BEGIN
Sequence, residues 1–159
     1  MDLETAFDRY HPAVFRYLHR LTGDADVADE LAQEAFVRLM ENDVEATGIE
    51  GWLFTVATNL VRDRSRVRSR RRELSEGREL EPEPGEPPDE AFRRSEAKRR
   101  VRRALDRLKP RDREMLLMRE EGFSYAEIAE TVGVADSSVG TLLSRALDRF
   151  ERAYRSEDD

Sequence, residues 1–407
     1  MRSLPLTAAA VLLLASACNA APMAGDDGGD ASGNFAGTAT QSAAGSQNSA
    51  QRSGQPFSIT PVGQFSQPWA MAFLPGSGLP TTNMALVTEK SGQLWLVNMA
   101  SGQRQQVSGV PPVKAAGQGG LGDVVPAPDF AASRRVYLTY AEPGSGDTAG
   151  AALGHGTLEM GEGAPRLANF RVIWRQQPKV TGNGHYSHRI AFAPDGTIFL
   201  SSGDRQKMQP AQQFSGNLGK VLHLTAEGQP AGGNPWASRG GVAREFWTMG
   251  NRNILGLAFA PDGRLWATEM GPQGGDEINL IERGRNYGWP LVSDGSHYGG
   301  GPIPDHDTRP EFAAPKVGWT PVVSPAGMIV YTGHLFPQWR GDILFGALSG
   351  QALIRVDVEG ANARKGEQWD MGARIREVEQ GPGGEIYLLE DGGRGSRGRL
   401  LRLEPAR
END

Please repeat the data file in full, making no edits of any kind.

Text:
Sequence, residues 1–159
     1  MDLETAFDRY HPAVFRYLHR LTGDADVADE LAQEAFVRLM ENDVEATGIE
    51  GWLFTVATNL VRDRSRVRSR RRELSEGREL EPEPGEPPDE AFRRSEAKRR
   101  VRRALDRLKP RDREMLLMRE EGFSYAEIAE TVGVADSSVG TLLSRALDRF
   151  ERAYRSEDD

Sequence, residues 1–407
     1  MRSLPLTAAA VLLLASACNA APMAGDDGGD ASGNFAGTAT QSAAGSQNSA
    51  QRSGQPFSIT PVGQFSQPWA MAFLPGSGLP TTNMALVTEK SGQLWLVNMA
   101  SGQRQQVSGV PPVKAAGQGG LGDVVPAPDF AASRRVYLTY AEPGSGDTAG
   151  AALGHGTLEM GEGAPRLANF RVIWRQQPKV TGNGHYSHRI AFAPDGTIFL
   201  SSGDRQKMQP AQQFSGNLGK VLHLTAEGQP AGGNPWASRG GVAREFWTMG
   251  NRNILGLAFA PDGRLWATEM GPQGGDEINL IERGRNYGWP LVSDGSHYGG
   301  GPIPDHDTRP EFAAPKVGWT PVVSPAGMIV YTGHLFPQWR GDILFGALSG
   351  QALIRVDVEG ANARKGEQWD MGARIREVEQ GPGGEIYLLE DGGRGSRGRL
   401  LRLEPAR